Joe Mauer Mauer is probably the safest bet to make the Hall of Fame, after I-Rod. As you may or may not know, he accounts for 50% of the batting titles won by catchers, and 100% of those won by AL catchers. At 27, he has an MVP, four All-Star appearances, two Gold Gloves, three Silver Sluggers, 929 hits, 76 home runs, and a .323/.404/.477 line, plus those three batting titles. He’s in his sixth full season, and has already accumulated 29.7 WAR. I’m having trouble trying to think of a reason he couldn’t make it, if he continues to put up these numbers.
Brian McCann Those of you outside of Atlanta may be surprised, but Mauer isn’t the only catcher putting up Hall of Fame numbers for his home state’s team. 26-year old McCann, originally from Georgia, is in his fifth full season, and has 101 home runs, 691 hits, five All-Star Appearances (as well as the 2010 All-Star Game MVP trophy), three silver sluggers, and a .291/.359/.492 line. He also has 21.1 WAR to his credit thus far. He’s already on pace to have good enough numbers; now, he just needs to keep those numbers up for long enough.
Yadier Molina This is where the list starts to get shakier. The third of the Super Molina Bros. is the only one of them with any sort of chance to land in the Hall. His defensive prowess is well-known, and he already has two Gold Gloves to start his collection. However, he’s 27, and, now into his sixth season as a starter, he actually seems to have regressed from his personal offensive bests last year. His line has fallen from .293/.366/.383 to a horrendous .223/.301/.294, and he sits at a mere 12.3 WAR. He might return to his acceptable 2009 numbers; he might be a Posada-esque late bloomer; etc. Any number of things can happen. But, right now, he isn’t helping his case.
Russell Martin Martin has actually gotten worse since his his second year. For example, look at his OPS+, a stat which compares his OPS to league average. In his first year, it was 101, meaning he was 1% better than an average hitter (100 is average, each digit above or below is a percentage better or worse than league average). This may not sound impressive, but when you consider that this is from a 23-year old rookie catcher, it looks very valuable, offensively. In the four seasons since then, his OPS+ has gone 116, 108, 86, and 88 (this year). He has 625 hits, 54 homers, and a .272/.365/.398 line. At 17.1 WAR, he could become a Posada-like candidate if he can duplicate these numbers for fifteen years. But, seeing as his numbers are already decreasing, that seems unlikely.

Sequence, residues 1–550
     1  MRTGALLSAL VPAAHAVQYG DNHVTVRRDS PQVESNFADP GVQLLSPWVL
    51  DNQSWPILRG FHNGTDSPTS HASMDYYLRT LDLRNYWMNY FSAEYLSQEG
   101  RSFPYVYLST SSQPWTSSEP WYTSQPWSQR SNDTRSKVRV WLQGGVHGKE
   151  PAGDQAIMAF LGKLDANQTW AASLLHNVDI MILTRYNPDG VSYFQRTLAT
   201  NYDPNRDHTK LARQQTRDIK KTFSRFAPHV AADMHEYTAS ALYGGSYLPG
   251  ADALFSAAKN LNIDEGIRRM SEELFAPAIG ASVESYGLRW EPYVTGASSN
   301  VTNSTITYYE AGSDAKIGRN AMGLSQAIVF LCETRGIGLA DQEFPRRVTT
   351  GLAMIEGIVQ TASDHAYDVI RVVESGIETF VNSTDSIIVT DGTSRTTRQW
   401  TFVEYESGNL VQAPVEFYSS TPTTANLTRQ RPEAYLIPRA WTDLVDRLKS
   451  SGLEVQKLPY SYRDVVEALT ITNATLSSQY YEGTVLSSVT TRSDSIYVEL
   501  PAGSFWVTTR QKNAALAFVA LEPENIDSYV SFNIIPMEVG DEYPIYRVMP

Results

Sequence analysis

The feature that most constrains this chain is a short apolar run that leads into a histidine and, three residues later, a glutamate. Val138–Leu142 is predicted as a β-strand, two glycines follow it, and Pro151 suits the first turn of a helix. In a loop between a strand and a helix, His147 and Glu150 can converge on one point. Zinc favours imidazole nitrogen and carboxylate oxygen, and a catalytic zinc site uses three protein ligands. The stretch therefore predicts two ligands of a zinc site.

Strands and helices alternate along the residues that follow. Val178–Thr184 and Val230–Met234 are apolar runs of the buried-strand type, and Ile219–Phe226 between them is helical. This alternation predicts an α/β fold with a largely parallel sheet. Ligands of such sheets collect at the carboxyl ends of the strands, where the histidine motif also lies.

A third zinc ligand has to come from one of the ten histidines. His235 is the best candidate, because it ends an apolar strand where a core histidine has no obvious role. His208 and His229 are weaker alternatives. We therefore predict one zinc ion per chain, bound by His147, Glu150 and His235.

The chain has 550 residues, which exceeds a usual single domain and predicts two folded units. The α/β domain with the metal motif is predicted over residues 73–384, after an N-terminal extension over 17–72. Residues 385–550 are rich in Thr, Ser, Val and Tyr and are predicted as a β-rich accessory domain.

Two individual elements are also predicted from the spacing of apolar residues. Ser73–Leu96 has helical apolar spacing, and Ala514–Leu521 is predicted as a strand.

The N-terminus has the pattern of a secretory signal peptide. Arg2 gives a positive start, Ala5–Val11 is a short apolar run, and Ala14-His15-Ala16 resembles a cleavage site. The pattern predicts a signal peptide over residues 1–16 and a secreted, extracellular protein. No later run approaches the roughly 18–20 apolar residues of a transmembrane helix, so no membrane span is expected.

Geovany Soto I think Soto is more likely to follow the Posada model than Martin. Like Posada, Soto took longer to win his starting job (he was 25 when he won Rookie of the Year in 2008). However, many seem to have forgotten him after his Sophomore slump. In three years, his OPS+ has gone from 118 to 79 to 130. He’s also put up 8.5 WAR in his career so far. Only time will tell whether he continues to play like he did in 2008 or in 2009.
Too Young to Tell: Matt Wieters, Buster Posey, and Carlos Santana
These three comprise a trio of highly touted young catching prospects. I feel like they’re too young to make any real calls on their Hall chances, but I may as well make some guesses.
As an Orioles fan, I must say, I’m a little disillusioned with Matt Wieters. At 24, he’s in his second season, but is yet to hit .400, blast 60 homers, or cure cancer. Maybe there was to much hype? In any case, he will (hopefully) become an All-Star catcher in no time.
Carlos Santana and Buster Posey are even younger, so any projections are worthless. Maybe their combined 74 games are too little information to guess on (Let’s see..I’m getting Buster Posey with 365 career home runs...). However, in their short time in the majors, the two are putting up impressive numbers.
Only time will tell which of these catchers last long enough to warrant induction.
Article originally posted 7/14/2010